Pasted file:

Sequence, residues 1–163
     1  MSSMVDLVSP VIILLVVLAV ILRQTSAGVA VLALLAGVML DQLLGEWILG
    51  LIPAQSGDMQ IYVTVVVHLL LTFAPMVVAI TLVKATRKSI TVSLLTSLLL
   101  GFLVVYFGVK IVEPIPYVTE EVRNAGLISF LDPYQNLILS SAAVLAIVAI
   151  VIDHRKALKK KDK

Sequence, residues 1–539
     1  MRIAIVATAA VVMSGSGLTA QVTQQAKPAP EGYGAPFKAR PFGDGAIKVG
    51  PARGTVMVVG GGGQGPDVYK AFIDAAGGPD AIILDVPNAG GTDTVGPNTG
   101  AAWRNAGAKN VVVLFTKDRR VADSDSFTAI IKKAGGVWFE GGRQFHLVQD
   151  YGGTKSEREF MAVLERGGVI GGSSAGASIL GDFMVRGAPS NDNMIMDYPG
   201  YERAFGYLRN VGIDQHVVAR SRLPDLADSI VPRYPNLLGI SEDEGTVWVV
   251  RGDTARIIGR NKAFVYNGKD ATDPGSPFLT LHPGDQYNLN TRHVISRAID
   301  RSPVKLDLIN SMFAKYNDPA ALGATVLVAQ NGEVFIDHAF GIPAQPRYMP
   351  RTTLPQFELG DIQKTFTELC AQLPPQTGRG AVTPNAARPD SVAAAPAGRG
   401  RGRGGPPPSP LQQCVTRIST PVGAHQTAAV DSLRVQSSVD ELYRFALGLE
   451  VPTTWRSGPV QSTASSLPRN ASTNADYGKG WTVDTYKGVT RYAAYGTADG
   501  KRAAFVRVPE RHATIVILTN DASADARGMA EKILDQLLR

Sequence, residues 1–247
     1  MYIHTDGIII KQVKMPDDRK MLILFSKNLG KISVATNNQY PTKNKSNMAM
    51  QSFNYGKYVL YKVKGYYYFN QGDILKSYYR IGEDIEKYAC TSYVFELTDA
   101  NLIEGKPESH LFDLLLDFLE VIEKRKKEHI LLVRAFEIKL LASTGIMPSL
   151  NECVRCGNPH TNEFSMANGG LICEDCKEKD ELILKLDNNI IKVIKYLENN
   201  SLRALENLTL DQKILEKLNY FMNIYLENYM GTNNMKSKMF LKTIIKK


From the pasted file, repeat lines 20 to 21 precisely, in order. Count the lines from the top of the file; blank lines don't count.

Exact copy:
    51  QSFNYGKYVL YKVKGYYYFN QGDILKSYYR IGEDIEKYAC TSYVFELTDA
   101  NLIEGKPESH LFDLLLDFLE VIEKRKKEHI LLVRAFEIKL LASTGIMPSL